211396 Health Early Warning Systems for Oceans, Coasts and Great Lakes

Tuesday, November 10, 2009: 2:30 PM

Juli Trtanj, MES , Oceans and Human Health Initiative, National Oceanic and Atmospheric Administration, Silver Spring, MD
Are the beaches safe for swimming? Is the seafood safe to eat? Why are the dolphins dying? Our oceans are under increasing pressures from coastal development and climate change-with an alarming increase in marine zoonotic diseases, biotoxin related illnesses, and ocean related human illness and death. Harmful algal blooms, zoonoses, and Vibrio bacteria occur naturally in the marine environment but their frequency is increasing and they are evolving in unanticipated ways. Over 60% of emerging infectious disease events in humans is caused by zoonotic pathogens and 71% of those are from wildlife. Marine mammals can be hosts or vectors for emerging zoonotic diseases. Harmful algal blooms have caused an estimated $1 billion in economic loss in the last decade. In 2006, U.S. beaches closed for a record 34,358 days due to the presence of bacteria, viruses or other microbes. Vibrio strains are the most common cause of seafood-borne disease and death, but are underreported and misdiagnosed; changing ocean temperatures appear to be increasing their range and potential for infection. This talk will offer a framework for developing Health Early Warning Systems (HEWS) which integrates public health, marine animal health, ocean and coastal monitoring and observations, and other key elements to predict health risks. The HEWS goal is to provide enough lead time to respond to immediate threats, and to inform adaptation options at longer time scales, such as social, political, and institutional changes.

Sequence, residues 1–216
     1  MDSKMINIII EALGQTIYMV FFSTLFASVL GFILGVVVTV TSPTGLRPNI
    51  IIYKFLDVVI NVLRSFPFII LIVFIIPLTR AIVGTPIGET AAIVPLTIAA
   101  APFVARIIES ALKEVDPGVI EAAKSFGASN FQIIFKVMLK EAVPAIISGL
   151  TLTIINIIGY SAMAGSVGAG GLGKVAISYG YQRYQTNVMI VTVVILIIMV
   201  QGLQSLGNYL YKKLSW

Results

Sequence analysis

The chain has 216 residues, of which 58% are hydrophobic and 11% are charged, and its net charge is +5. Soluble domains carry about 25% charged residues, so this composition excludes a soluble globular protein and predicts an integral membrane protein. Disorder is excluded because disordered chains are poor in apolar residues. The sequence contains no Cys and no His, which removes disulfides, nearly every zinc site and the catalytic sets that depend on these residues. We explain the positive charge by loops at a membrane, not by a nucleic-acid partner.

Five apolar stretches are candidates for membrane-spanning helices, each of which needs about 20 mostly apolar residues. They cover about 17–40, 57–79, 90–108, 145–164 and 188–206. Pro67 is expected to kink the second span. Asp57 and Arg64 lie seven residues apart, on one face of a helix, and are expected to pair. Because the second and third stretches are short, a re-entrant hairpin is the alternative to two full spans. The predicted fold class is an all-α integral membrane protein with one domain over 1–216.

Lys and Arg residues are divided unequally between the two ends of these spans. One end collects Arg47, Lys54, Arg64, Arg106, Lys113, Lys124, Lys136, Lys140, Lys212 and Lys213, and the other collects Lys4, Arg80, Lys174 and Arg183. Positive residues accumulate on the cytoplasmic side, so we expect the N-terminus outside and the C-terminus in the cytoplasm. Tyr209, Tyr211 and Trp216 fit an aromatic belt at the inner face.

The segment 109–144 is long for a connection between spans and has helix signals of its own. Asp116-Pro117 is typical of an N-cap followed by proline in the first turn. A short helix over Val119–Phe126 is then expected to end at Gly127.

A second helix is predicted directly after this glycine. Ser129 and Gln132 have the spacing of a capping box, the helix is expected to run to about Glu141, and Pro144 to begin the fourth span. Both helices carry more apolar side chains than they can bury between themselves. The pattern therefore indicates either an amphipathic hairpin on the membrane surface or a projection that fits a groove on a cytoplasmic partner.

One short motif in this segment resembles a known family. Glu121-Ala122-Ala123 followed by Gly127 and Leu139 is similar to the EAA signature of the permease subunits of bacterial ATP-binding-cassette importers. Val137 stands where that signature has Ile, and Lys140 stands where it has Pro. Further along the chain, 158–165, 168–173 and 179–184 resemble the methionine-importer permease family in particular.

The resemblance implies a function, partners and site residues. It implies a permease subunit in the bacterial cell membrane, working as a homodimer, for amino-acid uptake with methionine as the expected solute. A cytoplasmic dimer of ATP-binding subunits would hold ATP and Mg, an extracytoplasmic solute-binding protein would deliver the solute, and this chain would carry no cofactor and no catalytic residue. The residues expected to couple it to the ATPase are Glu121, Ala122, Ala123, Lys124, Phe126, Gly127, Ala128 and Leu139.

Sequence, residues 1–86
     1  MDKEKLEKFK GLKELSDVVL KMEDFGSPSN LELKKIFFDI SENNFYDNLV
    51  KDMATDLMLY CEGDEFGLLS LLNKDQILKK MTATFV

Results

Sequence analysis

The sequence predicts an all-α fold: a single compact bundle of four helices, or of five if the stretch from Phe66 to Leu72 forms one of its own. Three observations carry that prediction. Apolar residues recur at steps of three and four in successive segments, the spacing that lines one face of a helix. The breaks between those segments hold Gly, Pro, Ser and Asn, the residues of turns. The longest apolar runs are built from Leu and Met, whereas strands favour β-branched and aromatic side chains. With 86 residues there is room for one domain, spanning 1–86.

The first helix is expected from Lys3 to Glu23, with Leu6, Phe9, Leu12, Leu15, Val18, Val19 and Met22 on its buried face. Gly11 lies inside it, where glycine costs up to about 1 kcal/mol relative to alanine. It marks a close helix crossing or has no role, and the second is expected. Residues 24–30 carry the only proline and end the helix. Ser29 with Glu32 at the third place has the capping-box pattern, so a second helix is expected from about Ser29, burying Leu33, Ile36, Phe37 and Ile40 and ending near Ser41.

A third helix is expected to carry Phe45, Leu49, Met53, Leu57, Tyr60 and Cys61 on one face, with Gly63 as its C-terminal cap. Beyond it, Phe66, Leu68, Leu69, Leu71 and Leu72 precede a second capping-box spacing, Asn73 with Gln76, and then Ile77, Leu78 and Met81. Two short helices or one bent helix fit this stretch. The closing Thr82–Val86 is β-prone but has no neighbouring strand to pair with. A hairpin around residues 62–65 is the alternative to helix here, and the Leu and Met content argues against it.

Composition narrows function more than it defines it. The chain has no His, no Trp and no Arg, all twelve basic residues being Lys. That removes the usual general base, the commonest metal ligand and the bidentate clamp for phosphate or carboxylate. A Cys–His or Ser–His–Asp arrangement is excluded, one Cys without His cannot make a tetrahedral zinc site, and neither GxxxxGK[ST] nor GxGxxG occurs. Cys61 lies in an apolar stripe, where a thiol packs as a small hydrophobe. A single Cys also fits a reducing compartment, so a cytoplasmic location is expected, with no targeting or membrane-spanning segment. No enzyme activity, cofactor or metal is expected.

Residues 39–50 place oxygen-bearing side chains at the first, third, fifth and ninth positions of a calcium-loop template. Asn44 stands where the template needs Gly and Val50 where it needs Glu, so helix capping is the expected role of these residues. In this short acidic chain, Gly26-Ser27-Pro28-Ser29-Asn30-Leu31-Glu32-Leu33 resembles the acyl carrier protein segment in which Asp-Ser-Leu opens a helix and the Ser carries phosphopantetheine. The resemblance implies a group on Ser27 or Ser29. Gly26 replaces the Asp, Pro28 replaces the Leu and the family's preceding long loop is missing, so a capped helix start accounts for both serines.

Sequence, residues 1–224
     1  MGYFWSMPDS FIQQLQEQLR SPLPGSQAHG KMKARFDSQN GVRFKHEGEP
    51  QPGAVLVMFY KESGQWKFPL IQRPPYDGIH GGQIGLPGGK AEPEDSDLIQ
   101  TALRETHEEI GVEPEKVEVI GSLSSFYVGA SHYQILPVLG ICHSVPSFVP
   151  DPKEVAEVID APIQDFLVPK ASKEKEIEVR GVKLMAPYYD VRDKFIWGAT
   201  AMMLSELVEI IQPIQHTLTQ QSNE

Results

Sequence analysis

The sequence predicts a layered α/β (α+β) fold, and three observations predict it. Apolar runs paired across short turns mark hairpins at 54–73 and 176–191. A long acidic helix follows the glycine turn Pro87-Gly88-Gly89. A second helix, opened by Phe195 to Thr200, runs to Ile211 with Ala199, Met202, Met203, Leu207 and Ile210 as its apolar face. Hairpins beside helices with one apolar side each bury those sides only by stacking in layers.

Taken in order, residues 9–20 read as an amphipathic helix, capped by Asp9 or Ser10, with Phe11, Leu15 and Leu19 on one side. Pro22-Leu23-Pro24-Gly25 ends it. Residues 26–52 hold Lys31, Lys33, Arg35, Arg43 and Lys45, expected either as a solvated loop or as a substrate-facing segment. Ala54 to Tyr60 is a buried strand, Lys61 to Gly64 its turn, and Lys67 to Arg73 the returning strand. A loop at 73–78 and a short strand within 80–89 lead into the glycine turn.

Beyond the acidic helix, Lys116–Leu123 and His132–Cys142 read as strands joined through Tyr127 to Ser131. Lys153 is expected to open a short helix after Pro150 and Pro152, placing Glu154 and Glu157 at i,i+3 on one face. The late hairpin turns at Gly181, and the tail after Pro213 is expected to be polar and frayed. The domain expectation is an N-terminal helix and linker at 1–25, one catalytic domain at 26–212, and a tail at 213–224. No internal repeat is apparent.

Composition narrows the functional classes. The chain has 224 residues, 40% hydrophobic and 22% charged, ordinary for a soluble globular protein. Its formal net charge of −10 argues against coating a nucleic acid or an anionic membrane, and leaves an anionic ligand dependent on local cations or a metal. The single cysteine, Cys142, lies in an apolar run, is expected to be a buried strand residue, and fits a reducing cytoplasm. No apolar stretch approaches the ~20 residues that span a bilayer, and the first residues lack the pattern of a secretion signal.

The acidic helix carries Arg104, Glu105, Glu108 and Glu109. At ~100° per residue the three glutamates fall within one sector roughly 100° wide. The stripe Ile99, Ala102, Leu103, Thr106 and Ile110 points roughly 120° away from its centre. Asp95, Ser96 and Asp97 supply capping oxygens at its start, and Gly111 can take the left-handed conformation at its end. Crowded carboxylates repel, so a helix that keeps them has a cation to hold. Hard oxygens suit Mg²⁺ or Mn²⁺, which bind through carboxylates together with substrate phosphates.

Learning Objectives:
Discuss how to engage the public health community in the development and implementation of health early warning systems to ensure the delivery of useful information.

Keywords: Emerging Diseases, Climate Change

Presenting author's disclosure statement:

Qualified on the content I am responsible for because: I run a Federal research program and have organized over 30 sessions at numerous scientific meetings, and am responsible for the development of ocean and coastal systems to detect and predict emerging human health risks.
Any relevant financial relationships? No

I agree to comply with the American Public Health Association Conflict of Interest and Commercial Support Guidelines, and to disclose to the participants any off-label or experimental uses of a commercial product or service discussed in my presentation.